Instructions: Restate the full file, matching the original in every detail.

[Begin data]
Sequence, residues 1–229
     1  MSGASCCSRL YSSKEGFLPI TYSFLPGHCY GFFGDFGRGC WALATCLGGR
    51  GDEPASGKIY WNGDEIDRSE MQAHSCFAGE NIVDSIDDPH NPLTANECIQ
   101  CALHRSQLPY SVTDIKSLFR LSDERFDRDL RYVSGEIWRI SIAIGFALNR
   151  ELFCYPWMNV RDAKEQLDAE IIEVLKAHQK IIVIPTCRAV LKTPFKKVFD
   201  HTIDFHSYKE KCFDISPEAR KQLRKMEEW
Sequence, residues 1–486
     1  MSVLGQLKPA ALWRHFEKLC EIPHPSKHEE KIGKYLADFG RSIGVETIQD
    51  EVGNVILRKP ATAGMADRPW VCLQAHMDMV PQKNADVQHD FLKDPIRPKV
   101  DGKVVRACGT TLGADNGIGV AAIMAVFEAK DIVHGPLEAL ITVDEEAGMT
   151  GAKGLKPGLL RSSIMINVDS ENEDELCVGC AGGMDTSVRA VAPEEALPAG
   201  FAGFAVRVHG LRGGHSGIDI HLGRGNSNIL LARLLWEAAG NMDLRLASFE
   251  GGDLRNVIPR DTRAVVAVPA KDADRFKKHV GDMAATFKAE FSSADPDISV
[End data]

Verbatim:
Sequence, residues 1–229
     1  MSGASCCSRL YSSKEGFLPI TYSFLPGHCY GFFGDFGRGC WALATCLGGR
    51  GDEPASGKIY WNGDEIDRSE MQAHSCFAGE NIVDSIDDPH NPLTANECIQ
   101  CALHRSQLPY SVTDIKSLFR LSDERFDRDL RYVSGEIWRI SIAIGFALNR
   151  ELFCYPWMNV RDAKEQLDAE IIEVLKAHQK IIVIPTCRAV LKTPFKKVFD
   201  HTIDFHSYKE KCFDISPEAR KQLRKMEEW
Sequence, residues 1–486
     1  MSVLGQLKPA ALWRHFEKLC EIPHPSKHEE KIGKYLADFG RSIGVETIQD
    51  EVGNVILRKP ATAGMADRPW VCLQAHMDMV PQKNADVQHD FLKDPIRPKV
   101  DGKVVRACGT TLGADNGIGV AAIMAVFEAK DIVHGPLEAL ITVDEEAGMT
   151  GAKGLKPGLL RSSIMINVDS ENEDELCVGC AGGMDTSVRA VAPEEALPAG
   201  FAGFAVRVHG LRGGHSGIDI HLGRGNSNIL LARLLWEAAG NMDLRLASFE
   251  GGDLRNVIPR DTRAVVAVPA KDADRFKKHV GDMAATFKAE FSSADPDISV